Celebrating the 19th Amendment/Closure Notices

On August 6, join AmericasTownHall virtual celebration "The 19th at 100!" Presented with All in Together, 19th News, the US National Archives, and presidential libraries, a group of women luminaries, and other leading figures will discuss the past, present, and future of women’s equality. The celebration occurs on August 6, 4:00 pm-6:00 pm PDT, to register for this free online event, please see the invitation at https://www.eventbrite.com/e/19th-amendment-past-present-and-future-tick...


We're sorry. Due to the coronavirus public health emergency, the Ronald Reagan Presidential Library & Museum will be closed to the public beginning March 14th until further notice. This includes docents, volunteers and interns. We will continue to respond to written reference requests at reagan.library@nara.gov. Please check our website, reaganlibrary.gov or www.archives.gov/coronavirus  for updates on our operating hours and status.

All public events at the Reagan Library facilities are cancelled until further notice. This includes in-person public programs, tours, school group visits, public meetings, external conferences, and facility rentals. Where possible, we will conduct public events and outreach activities online and through virtual meetings. For online education information, please see our educational resources.

Notice to NARA Researchers and FOIA Requestors

Due to the COVID-19 pandemic and pursuant to guidance received from the Office of Management and Budget (OMB), NARA has adjusted its normal operations to balance the need of completing its mission-critical work while also adhering to the recommended social distancing for the safety of our staff.  As a result of this re-prioritization of activities, you may experience a delay in receiving an initial acknowledgment as well as a substantive response to your reference or FOIA request or appeal.  We apologize for this inconvenience and appreciate your understanding and patience.  Read more on how NARA is addressing COVID-19 (coronavirus) https://www.archives.gov/coronavirus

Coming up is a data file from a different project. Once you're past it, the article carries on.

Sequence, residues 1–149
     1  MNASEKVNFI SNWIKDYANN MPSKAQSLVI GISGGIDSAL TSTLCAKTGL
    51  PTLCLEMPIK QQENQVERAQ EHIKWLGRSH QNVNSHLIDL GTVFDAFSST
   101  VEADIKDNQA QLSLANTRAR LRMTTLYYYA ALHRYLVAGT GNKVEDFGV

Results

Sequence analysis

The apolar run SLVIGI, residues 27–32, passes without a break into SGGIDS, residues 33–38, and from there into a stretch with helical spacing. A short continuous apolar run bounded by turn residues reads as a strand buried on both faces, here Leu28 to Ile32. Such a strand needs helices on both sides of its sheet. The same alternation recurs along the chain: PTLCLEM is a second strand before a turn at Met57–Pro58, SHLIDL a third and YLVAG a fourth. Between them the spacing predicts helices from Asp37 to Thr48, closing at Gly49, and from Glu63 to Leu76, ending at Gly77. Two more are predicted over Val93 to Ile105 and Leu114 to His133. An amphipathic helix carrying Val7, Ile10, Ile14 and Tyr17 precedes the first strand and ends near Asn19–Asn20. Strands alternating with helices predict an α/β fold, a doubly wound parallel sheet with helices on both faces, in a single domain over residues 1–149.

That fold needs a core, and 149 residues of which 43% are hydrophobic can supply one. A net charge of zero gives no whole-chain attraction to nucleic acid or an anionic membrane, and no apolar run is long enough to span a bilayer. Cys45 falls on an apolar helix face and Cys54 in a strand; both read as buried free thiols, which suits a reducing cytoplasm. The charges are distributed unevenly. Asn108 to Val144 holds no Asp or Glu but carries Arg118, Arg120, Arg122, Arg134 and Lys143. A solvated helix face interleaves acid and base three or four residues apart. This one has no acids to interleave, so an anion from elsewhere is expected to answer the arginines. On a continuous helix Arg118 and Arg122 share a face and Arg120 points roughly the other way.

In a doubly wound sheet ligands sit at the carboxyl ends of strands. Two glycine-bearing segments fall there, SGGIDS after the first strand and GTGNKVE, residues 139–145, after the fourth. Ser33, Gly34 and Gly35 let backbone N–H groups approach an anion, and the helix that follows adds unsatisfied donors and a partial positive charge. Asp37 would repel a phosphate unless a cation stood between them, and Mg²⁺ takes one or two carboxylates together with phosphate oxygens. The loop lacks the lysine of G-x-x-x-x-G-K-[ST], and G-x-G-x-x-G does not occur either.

RESEARCHERS: Please see a "Letter to Researchers" from the Archivist of the United States for a further update.



Statement on Federal Employment of Discharged Air Traffic Controllers

December 9, 1981

For the past 4½ months we have kept the airways safe and the Nation's air traffic moving despite a strike by members of the Professional Air Traffic Controllers Organization.

We faced a choice last August: concede to the demands of a union engaged in an illegal strike -- or dismiss the controllers who violated their oath and walked off their jobs, and keep the airways operating with the resources available to us.

We made the only choice we could. While we regret the loss of an experienced work force, we have an even greater commitment to the people of America to uphold the principles on which this country is built -- principles of law, due process, and respect for the public trust.

Those principles have been honored, and our commitment to them remains firm. But at the same time there is another principle we honor in America -- the tradition that individuals deserve to be treated with compassion. In that spirit, I am today extending to the air traffic controllers discharged because of their actions in striking against the Federal Government, an opportunity to reapply for Federal employment, in departments and agencies other than the Federal Aviation Administration. I do not believe that those who forfeited their jobs as controllers should be foreclosed from other Federal employment. I am sure that many of those who were misled or badly advised regret their action and would welcome an opportunity to return to Federal service.

So, today I am issuing this directive to the Office of Personnel Management.

First, when the Office of Personnel Management receives applications for Federal employment from former FAA controllers terminated by their strike action, it will apply the same suitability standards as it applies to all other candidates for jobs with the Federal Government. This means that each application will be considered fairly and on a case-by-case basis.

Second, because returning the striking controllers to their former positions would adversely affect operational efficiency, damage morale, and perhaps impair safety, the former controllers will be eligible for employment consideration in any Federal agency except the Federal Aviation Administration.

I realize that these conditions prevent the ex-controllers from returning to their former jobs. But in considering an applicant for a position of public responsibility, we must take into account not only the ability to perform that job but the effect that his or her employment may have on others within the agency. This is particularly true where the effectiveness of the nation's air traffic control system and the safety of the airways are at stake.